Today, we’re going to go over what the flu is, it’s symptoms, and why it’s important to get your flu shot now!
What is the flu?
The flu, or influenza, is a common viral infection that attacks the nose, lungs, and throat. Unlike the common cold, influenza comes on suddenly and can be deadly to groups like babies, elderly, pregnant women, and those with a weakened immune system.
When are we vulnerable to the flu?
While seasonal influenza (flu) viruses are detected year-round in the United States, flu viruses are most common during the fall and winter. The exact timing and duration of flu seasons can vary, but influenza activity often begins to increase in October. Most of the time flu activity peaks between December and February, although activity can last as late as May.
Is it the flu?
In addition to flu viruses, several other respiratory viruses also circulate during the flu season and can cause symptoms and illness similar to those seen with flu infection. These respiratory viruses include rhinovirus (one cause of the “common cold”) and respiratory syncytial virus (RSV). RSV is actually the most common cause of severe respiratory illness in young children as well as a leading cause of death from respiratory illness in those aged 65 years and older.
The flu is a nasty sickness that can bring on some pretty severe symptoms. You may feel all or some of these: fever, cough, sore throat, runny nose, muscle and body aches, fatigue, diarrhea, and vomiting.
And while some people will recover after only a few days or weeks, others can develop some serious complications. These can include pneumonia, ear infections, inflammation of serious organs such as the heart or brain, and it can exacerbate current medical conditions such as asthma or heart disease.
Avoiding The Flu
So how do you protect yourself and others from the flu? The number one flu shield is getting your flu shot! The flu shot is the single best way to protect yourself each year from the flu! So, how does the vaccine work?
2 weeks after getting the flu shot, your body begins to create antibodies against the infection with the viruses that were in the vaccine. Whatever research says is going to be the most common strand of the virus is what your vaccine will protect you against.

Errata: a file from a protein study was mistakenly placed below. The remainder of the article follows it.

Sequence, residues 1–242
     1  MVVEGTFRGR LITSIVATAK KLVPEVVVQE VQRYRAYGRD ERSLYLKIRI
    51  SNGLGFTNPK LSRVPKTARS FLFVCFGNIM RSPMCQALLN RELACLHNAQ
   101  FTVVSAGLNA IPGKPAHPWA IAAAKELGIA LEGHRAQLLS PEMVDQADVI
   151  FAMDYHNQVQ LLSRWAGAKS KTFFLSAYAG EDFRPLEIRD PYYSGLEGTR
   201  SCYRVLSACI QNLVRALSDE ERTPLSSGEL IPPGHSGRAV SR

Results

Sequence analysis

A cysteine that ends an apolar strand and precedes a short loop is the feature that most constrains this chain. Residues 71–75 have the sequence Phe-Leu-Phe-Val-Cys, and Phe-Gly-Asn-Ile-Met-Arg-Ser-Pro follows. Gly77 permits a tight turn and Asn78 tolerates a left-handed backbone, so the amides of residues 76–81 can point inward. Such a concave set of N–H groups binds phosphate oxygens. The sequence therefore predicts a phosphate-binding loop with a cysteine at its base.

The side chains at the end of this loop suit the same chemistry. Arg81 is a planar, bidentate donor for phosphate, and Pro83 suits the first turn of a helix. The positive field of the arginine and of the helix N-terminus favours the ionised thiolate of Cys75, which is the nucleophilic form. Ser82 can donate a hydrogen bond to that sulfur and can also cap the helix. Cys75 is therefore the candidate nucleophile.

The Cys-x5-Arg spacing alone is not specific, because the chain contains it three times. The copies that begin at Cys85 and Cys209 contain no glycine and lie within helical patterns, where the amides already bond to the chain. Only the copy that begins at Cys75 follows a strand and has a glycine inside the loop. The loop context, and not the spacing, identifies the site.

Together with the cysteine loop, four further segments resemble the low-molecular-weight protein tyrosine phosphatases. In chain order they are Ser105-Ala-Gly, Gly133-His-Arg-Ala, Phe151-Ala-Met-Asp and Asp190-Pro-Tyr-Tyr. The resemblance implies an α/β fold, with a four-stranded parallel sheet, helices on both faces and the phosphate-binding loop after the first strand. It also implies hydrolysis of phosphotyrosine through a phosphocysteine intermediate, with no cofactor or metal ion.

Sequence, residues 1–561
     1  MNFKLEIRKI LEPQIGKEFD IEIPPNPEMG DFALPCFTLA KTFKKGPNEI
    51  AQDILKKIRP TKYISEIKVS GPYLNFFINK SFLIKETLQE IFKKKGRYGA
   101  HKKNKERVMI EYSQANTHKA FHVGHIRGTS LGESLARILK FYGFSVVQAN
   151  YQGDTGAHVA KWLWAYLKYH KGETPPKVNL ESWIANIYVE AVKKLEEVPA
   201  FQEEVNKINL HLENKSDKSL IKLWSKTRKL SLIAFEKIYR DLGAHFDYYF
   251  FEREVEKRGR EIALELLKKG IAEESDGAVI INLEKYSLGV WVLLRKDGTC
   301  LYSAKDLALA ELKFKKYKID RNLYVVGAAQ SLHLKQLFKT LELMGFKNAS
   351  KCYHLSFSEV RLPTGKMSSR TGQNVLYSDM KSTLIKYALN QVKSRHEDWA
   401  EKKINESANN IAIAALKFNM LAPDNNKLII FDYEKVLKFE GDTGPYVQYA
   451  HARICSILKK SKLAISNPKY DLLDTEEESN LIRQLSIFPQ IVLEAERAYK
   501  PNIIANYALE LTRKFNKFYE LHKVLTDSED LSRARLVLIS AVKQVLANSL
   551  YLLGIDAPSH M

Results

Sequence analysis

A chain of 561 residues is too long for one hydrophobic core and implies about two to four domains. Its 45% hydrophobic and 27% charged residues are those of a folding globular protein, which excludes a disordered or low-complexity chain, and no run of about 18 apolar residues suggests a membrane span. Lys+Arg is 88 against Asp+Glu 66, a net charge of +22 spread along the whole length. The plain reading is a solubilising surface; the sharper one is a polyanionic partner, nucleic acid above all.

The traditional flu vaccine is made to protect you against the 3 main flu strains: H1N1, H3N2, and Influenza B! There’s also another flu vaccine that protects against a fourth Influenza B virus, this one is called a Quadrivalent Flu vaccine!
It’s important to make sure you are vaccinated every season BEFORE the flu starts spreading in your community! As stated, the flu vaccine takes about 2 weeks after being given to take effect! According to the CDC because “the body’s immune response from vaccination declines over time” and because the flu virus is constantly changing, it’s important to get a flu shot every year!
Other Precautions to take when it’s Flu Season
- Try to avoid close contact with sick people.
- While sick, limit contact with others as much as possible to keep from infecting them.
- If you are sick with flu symptoms, CDC recommends that you stay home for at least 24 hours after your fever is gone except to get medical care or for other necessities. (Your fever should be gone for 24 hours without the use of a fever-reducing medicine.)
- Cover your nose and mouth with a tissue when you cough or sneeze. Throw the tissue in the trash after you use it.
- Wash your hands often with soap and water. If soap and water are not available, use an alcohol-based hand rub.
- Avoid touching your eyes, nose, and mouth. Germs spread this way.
- Clean and disinfect surfaces and objects that may be contaminated with germs like the flu.
So what happens when you get the flu? What’s the best way to battle it? First, it’s important to not leave your home and get plenty of rest. You don’t want to spread the flu to others in your community, and most likely you will be too tired to get out of bed.
When you develop flu symptoms or think you might have the flu, you should contact your health care provider within the first 24 hours.
Contacting your health care provider as soon as possible will give you a chance to discuss your symptoms and health history with them, and determine if you need to be seen for an exam.
The reason this contact needs to happen so quickly when you develop symptoms is that medications to fight the flu needs to be started within the first 48 hours of the onset of flu symptoms to be effective.
Call in a sick day. After you call your health care provider, go ahead and call work or school and let them know you won’t be able to come in for the next few days. Trying to work or go to school when you have the flu is ineffective, and you will only expose others to the virus. You should stay home as much as possible while you’re sick and definitely at least as long as you have a fever.
Next, keep hydrated. It’s hard to stay hydrated when you aren’t feeling good, but dehydration is the quickest way to end up in the hospital getting IV fluids. Sips of water, broth, Pedialyte, or Gatorade are the easiest ways to keep yourself hydrated! A humidifier will help with congestion and head colds! And finally, when you can, bland foods are easier to keep down, so try to eat something. Saltines, toast, rice are just a few examples of foods that you might be able to keep down.
The flu isn’t just a small cold, stuffy nose, or upset tummy. It should be taken very seriously by you and those in your community. A flu outbreak could mean laying in bed for weeks not feeling good at all.